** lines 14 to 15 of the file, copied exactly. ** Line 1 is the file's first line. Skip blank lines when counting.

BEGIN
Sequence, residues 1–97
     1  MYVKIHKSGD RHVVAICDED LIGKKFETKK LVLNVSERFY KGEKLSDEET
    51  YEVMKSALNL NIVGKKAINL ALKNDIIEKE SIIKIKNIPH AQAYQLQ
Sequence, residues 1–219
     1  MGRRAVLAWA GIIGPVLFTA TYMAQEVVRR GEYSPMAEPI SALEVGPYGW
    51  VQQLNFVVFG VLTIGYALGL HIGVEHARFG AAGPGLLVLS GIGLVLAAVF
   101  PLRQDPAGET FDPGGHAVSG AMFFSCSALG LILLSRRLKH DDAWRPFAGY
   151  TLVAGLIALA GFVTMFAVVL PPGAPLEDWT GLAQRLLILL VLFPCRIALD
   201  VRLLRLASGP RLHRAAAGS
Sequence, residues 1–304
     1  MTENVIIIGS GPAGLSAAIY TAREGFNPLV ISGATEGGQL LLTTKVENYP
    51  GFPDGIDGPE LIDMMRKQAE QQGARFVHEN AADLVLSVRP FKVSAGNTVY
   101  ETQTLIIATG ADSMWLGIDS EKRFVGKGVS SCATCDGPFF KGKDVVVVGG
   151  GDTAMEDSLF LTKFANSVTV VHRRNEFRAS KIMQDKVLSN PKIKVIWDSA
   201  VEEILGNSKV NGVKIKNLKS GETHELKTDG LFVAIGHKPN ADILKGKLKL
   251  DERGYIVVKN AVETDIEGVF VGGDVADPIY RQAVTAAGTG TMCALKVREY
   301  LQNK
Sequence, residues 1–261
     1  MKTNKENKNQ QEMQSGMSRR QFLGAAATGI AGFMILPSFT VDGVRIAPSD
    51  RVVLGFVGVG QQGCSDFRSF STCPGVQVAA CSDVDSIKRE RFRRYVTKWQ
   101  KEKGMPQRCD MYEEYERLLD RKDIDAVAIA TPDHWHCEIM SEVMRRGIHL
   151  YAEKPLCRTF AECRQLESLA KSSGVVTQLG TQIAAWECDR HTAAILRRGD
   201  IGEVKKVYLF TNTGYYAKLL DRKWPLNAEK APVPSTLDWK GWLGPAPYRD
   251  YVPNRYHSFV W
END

   151  GDTAMEDSLF LTKFANSVTV VHRRNEFRAS KIMQDKVLSN PKIKVIWDSA
   201  VEEILGNSKV NGVKIKNLKS GETHELKTDG LFVAIGHKPN ADILKGKLKL